Chemical Precipitation - As per literature, this process yields about 40-50% pure Silver. I added about 25 -30 gm of Sodium Sulfide (Na2S) in the 5 liter fixer solution slowly, until I reached the null point, i.e., when the Silver test strip showed absence of any Silver in the fixer solution. Then I filtered the precipitate (Silver Sulfide), which weighed about 25 gm. It was sent to a refiner. Refiner gave me 10 gm pure Silver. He charged heavily (Rs. 30/-) for this, as it was a small quantity to be refined. I incurred loss as the recovery was much less than expected (10 gm instead of 25 gm). 10 gm of pure silver could be recovered out of 25 gm of Silver sulfide, i.e. 40 % recovery, which is as expected for Chemical Precipitation technique (as noted in 1st Sentence of this para.). Hence, refiner might not have betrayed me, but the weight of the precipitate itself was much less than expected.

Electrolysis - As per literature, this process yields about 90-95 % pure Silver. I constructed an electrolytic cell in a plastic container out of two SS-316L electrodes (One cathode and one anode), an ammeter, a stirrer and two variable voltage supplies (one for stirrer and another for electrolysis). I passed a very small current of ~ 40 mA through the solution. (Limit on current was primarily due to the fear of Hydrogen evolution which would impair the process of Silver deposition on the cathode). Current decreased to about 30 mA after about 72 hours which I again restored to 40 mA by increasing the applied voltage. Over a period of about 90 hours, I got a very good deposition of Silver on the cathode. After that the silver test strip started showing 'No Silver'. Any further attempt of electrolysis was leading to deposition of black, inferior Silver Sulfide. Hence I stopped the electrolysis and scraped off the silver from the cathode. The silver flakes were weighed to be ~ 10.5 gm. After refining, refiner gave me 10 gm pure Silver. 10 gm of pure silver could be recovered out of 10.5 gm of Silver flakes, i.e. 95 % recovery, which is as expected for 'Electrolysis' technique (as noted in 1st Sentence of this para.). Hence, refiner must be genuine, but the weight of the deposit itself was much less than expected.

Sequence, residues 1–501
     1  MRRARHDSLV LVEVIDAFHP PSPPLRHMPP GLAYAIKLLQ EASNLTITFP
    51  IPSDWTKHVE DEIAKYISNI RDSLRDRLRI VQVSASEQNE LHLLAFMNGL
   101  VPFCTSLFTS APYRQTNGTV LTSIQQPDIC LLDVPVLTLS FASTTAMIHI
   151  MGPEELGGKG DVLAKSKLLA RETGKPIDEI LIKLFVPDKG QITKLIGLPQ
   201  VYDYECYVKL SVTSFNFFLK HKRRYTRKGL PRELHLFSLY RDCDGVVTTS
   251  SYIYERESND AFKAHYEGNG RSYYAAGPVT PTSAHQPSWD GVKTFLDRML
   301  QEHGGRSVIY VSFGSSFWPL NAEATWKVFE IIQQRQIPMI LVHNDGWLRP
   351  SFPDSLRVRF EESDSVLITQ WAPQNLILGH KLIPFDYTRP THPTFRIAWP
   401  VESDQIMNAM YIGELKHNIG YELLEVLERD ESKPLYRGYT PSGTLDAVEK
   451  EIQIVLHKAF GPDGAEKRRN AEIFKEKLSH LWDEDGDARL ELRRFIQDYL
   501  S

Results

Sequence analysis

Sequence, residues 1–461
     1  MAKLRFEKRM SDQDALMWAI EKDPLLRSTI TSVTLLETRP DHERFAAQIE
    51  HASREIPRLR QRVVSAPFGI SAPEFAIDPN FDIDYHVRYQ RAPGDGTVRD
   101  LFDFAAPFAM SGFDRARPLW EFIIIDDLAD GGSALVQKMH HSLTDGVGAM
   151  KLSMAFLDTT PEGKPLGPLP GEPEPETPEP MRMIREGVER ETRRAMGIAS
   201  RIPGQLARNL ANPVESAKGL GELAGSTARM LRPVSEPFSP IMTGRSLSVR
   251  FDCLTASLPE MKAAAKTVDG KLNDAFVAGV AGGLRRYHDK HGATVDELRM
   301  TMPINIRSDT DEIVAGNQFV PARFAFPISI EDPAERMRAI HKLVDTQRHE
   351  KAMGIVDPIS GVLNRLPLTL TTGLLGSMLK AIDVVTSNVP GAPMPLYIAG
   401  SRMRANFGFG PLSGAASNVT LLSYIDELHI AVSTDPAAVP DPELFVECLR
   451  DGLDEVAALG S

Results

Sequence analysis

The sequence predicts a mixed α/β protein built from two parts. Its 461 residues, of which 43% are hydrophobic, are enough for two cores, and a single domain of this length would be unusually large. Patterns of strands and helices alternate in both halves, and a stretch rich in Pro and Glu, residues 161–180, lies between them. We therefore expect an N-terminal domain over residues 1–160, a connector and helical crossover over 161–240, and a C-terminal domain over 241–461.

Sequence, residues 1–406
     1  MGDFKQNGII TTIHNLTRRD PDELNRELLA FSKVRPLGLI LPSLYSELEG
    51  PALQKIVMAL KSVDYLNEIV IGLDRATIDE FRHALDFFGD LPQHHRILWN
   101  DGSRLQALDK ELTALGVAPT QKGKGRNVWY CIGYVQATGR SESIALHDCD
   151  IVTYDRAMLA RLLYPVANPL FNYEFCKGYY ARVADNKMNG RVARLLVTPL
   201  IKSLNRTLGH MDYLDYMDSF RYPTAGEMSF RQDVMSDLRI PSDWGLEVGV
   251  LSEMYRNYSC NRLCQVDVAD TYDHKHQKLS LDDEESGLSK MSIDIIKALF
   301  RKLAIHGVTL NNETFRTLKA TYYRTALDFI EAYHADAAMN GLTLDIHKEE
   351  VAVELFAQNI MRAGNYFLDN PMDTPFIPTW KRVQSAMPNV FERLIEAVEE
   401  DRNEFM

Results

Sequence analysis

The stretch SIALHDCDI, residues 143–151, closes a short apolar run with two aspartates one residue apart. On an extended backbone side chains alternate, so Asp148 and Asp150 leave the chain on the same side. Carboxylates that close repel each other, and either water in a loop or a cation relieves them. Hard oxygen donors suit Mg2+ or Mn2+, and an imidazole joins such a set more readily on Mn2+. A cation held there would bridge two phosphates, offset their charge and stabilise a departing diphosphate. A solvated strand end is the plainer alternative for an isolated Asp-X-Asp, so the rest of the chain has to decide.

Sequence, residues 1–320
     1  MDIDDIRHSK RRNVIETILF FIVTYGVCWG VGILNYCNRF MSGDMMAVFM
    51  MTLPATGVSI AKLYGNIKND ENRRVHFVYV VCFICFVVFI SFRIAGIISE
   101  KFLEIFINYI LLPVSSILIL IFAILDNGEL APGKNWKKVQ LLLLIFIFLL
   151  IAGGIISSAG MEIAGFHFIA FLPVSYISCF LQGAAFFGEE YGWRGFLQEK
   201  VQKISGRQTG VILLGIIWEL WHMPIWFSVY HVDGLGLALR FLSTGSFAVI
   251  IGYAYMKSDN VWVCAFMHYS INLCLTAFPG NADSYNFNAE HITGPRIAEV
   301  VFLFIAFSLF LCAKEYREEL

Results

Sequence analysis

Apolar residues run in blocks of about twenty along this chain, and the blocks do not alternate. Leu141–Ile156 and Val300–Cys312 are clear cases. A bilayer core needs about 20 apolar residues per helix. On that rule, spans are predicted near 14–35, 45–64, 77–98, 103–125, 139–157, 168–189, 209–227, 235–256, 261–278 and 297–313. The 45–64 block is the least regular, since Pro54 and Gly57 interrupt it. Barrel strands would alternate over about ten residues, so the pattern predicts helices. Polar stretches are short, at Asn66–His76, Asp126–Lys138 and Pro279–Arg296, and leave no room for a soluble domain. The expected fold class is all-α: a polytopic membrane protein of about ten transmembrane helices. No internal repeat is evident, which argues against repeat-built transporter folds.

Conclusion - Thus, it can be seen that I got, in both the cases, ~ 10 gm of Silver as against the estimated ~ 25 gm. IS MY ESTIMATION PAPER FAKE? OR IS IT POSSIBLE THAT THE SUPPLIER IS ADDING SOME DYE IN THE FIXER TO DARKEN THE PAPER SO THAT HE WILL GET BETTER RETURNS ON HIS FIXER ? What is the solution to resolve this problem ?

VIRENDRA D [last name deleted for privacy by Editor]
- mumbai, Maharashtra, india


(2001)

A. Hello Virenda. You have already demonstrated to yourself fairly conclusively that the refiner is treating you honestly, and that there is only about 10-11 grams of silver in each 5-liter batch, rather than the 25 grams that you expected.

My guess is that the test strips are inaccurate and the photo shop is using the same test strip to dilute the fixer to what he thinks is 5 gm/l before selling it. But we cannot see into the heart of the operator of the photo shop, and whether he is honestly trying to standardize to 5 gm/l or he is trying to leave much less silver in it knowing that the test strips will back him up. But our job here is not to try to catch potential cheaters, but to try to help with advise on technical subjects ... and the answer is that there is apparently only 10 to 11 grams of silver in the 5 liter batch, not 25 grams. Good luck.

Ted Mooney, finishing.com
Teds signature
Ted Mooney, P.E. RET
finishing.com
Pine Beach, New Jersey